Ultimately, he wants students to bring home media to share with their family. He also shared a tool he introduces to students using guided imagery to bring the youth to a safe place in their mind that they can return to again and again.
Representatives from No Bully were asked how/if they introduce mindfulness in their programming. They responded noting that they use the mindful principle of compassion as an initial approach to school and cyber-bullying. Buy-in from parents is invited through a “Parents Night” where these tools are showcased to families of the students.
Knowing how important developing a sense of trust with youth to open up is a journey of itself, I was curious if organizations observed how incorporation of mindfulness changed the trust level amongst the students to share difficult feelings and emotions.
The first response from an attendee addressed a time when a person died that the students knew. The kids asked about the process of death and ended up helping the adults move through their grief. Use of ‘infinity bracelets’ helped cultivate trust among the students to share what they thought and felt.
The second response came from our participant involved in giving cultural curriculum. They noted a deeper trust was evident by having tough but good conversations on many times a violent history lesson. The feedback the kids gave the organization was that they felt glad they were able to talk about the difficult issues and better able to process the info they learned.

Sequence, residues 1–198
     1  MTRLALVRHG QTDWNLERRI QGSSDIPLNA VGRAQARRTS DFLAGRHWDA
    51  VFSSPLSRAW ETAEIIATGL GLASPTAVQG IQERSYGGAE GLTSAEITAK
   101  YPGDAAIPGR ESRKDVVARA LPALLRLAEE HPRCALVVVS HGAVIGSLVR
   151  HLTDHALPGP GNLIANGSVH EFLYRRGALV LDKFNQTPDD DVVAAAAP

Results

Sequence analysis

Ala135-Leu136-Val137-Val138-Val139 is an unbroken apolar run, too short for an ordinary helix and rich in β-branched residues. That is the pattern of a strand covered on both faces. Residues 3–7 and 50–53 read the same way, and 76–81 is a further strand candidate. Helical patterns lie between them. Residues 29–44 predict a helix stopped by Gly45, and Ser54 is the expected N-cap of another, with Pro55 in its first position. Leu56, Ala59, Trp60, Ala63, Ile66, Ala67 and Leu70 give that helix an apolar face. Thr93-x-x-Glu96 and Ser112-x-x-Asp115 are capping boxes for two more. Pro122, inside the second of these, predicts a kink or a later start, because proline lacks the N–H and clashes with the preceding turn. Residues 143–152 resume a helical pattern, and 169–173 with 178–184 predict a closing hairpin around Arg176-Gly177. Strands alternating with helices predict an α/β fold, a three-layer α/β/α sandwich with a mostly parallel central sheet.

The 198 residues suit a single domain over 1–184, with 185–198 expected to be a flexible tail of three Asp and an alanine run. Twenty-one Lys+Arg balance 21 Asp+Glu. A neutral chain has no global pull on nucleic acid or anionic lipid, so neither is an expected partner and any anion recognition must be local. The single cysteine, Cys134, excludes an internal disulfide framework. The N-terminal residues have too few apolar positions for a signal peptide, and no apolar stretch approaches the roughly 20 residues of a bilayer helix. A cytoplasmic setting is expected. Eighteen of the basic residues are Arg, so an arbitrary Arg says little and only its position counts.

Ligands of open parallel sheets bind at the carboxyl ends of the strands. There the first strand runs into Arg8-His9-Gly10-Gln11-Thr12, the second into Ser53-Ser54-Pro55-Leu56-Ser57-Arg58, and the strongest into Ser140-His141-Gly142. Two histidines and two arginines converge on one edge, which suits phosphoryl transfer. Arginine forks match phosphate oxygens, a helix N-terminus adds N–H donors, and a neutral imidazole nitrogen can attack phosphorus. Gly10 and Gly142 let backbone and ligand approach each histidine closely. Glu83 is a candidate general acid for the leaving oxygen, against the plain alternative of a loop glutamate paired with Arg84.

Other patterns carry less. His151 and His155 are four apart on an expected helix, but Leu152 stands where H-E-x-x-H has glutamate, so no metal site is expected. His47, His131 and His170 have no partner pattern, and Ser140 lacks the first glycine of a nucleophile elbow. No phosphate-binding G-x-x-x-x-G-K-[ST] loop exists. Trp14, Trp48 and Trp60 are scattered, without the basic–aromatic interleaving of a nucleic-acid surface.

Trust and trauma were big concerns for youth embracing mindfulness practices. One caveat to the commonly embraced quiet mindful sitting practice for traumatized youth is that it could have the reverse effect of increasing the intensity of the past trauma the child endured. Doug shared that with SOA this can be a challenge to assess especially when working with a bigger class. He addresses this opportunity for the students to have the option to either sit still or have slow gentle movement.
Another participant at the breakfast contributed to the discussion that doing gentle movements like Tai-Chi forces the mind to be focused on the movement as a meditation not allowing other thoughts to enter the mind.
As the Breakfast Conversation came to a close, many attendees gave testimonies of their own journeys to and through mindful practices. Some were skeptical at first, while others remained open along the way. The invitation here is not to ‘make it perfect’ but rather to make mindfulness yours however it looks. Our co-facilitator for the morning, Doug, summed up perfectly the charge for our youth, “We can’t change the world around the kids, but we can give them tools to be resilient.”